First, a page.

What Kind of Creatures Are We? by Noam Chomsky
Noam Chomsky is a venerated linguist and cognitive scientist, a Professor Emeritus at MIT, and one of the most revered intellectuals alive today. He is the author of more than 100 books in varying disciplines, and he just added another to the pile.
What Kind of Creatures Are We? is adapted from the Dewey lectures that Chomsky delivered in 2013 at Columbia University. In these lectures, Chomsky posed three questions, each of which comprises a chapter in the book.
What is language?
Chomsky’s central thesis in the first chapter is that language is an instrument of thought rather than something whose purpose is communication, as we are generally wont to believe. Communication, whether in the form of speech or sign, is ancillary. He further states that communication, like the eye, is a part of human biology and says that to ascribe to it a purpose would be erroneous.
In this chapter, Chomsky makes reference to generative grammar concepts which he developed in the late 1950s, likening this period in linguistics to Galileo and the early days of science. He takes a theoretical dive which presupposes knowledge of generative grammar. Concepts such as the basic property and universal grammar get little explanation as he expands into discussions of internal and external merge, and algebraic renderings of sentence structure z, with component parts x and y demonstrating that computational efficiency in language design prevails over ease of processing or even communication.
What can we understand?
Chomsky shifts into cognitive scientist mode here in a discussion of “the new mysterianism,” a concept coined by Owen Flanagan positing the notion of problems and mysteries. Problems fall within the realm of our cognitive capacities; mysteries do not. As an example, Chomsky cites Isaac Newton who, though he proposed the idea that objects act upon each other at a distance, he was unable to speculate as to what the nature of this force might be.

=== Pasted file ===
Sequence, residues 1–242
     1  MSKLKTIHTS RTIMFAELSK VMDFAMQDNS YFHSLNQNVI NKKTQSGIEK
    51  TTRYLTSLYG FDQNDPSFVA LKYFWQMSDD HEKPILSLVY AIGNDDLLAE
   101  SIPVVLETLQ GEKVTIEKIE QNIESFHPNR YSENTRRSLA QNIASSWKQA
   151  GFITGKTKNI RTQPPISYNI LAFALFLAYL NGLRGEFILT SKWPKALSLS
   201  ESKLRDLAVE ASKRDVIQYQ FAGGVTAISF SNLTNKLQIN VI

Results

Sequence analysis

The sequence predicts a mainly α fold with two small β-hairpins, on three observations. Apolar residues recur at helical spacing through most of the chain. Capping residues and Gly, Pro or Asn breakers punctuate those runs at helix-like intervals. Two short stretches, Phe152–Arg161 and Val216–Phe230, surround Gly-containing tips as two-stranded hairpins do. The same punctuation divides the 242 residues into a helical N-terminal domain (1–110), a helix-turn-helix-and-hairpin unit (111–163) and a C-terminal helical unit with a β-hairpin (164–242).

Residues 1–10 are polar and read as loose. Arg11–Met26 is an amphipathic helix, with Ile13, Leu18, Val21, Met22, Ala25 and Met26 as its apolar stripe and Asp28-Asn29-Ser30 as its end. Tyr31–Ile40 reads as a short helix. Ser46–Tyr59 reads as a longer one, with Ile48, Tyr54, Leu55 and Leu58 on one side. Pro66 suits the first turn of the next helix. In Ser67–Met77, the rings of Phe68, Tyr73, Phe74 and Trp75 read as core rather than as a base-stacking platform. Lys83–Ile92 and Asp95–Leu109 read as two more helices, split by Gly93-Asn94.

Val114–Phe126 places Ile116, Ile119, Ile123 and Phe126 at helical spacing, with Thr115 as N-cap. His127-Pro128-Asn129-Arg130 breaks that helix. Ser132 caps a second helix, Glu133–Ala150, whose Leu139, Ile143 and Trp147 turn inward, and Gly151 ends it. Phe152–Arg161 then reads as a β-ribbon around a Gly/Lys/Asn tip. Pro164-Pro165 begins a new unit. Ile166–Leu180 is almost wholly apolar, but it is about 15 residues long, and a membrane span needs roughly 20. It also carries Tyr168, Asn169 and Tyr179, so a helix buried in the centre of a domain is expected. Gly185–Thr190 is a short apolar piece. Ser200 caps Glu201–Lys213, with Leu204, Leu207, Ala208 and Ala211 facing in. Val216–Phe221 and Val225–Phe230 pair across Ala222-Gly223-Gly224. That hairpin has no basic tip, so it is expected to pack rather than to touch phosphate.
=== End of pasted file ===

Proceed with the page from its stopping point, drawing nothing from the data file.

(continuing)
The new mysterianism stands in contrast to the notion of limitless human cognition that sprang from the Enlightenment and the early scientific revolution. Chomsky’s point in this chapter seems largely to be the existence of scope and limits to cognition in biological organisms, including humans.
What is the common good?
In the next chapter, “What is the common good?” Chomsky dons his political hat to address social truisms, such as freedom of the individual, that, while universally professed, are in practice universally rejected. He points to the repression, torture and execution of political dissenters in Latin America from the 1960s through the Reagan years, and he makes the claim that the United States, with its disenfranchised populace, has been more of a plutocracy than a democracy since the time of its founding. Founders such as James Madison, purporting to be promoters of democracy, nevertheless strove to “protect the minority of the opulent against the majority,” preventing the poor masses from using democracy to take the property of the rich.
He further examines historical atrocities in the system, including the hideous working conditions of artisans, farmers, and factory girls studied by Norman Ware 90 years ago and the dehumanizing influence of mechanization that turned workers into wage slaves. Chomsky suggests that a truly democratic system might look to liberal ideals and further to the anarchistic ideas of John Dewey – that “illegitimate structures of coercion must be dismantled.”
The Mysteries of Nature: How Deeply Hidden?
The final chapter of What Kind of Creatures Are We? is the only one that doesn’t correspond to one of the three Dewey lectures. In it, Chomsky returns to his discussion of mysterianism by returning to Isaac Newton’s admission that there are forces in nature that our beyond our ken. With this admission came an overarching shift in the goals of scientific inquiry. Constructing intelligible theories without having to understand the world’s inner workings became acceptable, and the assumption that we could know everything was rejected.
Comprised as it is of diverse lectures, What Kind of Creatures Are We? reads like a survey course in Noam Chomsky. Complex topics are sparsely addressed, and any connections between them are thin or nonexistent rendering them inaccessible to the casual or general reader. This slim book will best serve those who wishing to follow Chomsky’s Dewey lectures with their printed counterpart or add to the already extensive collection of the dedicated Chomsky reader.
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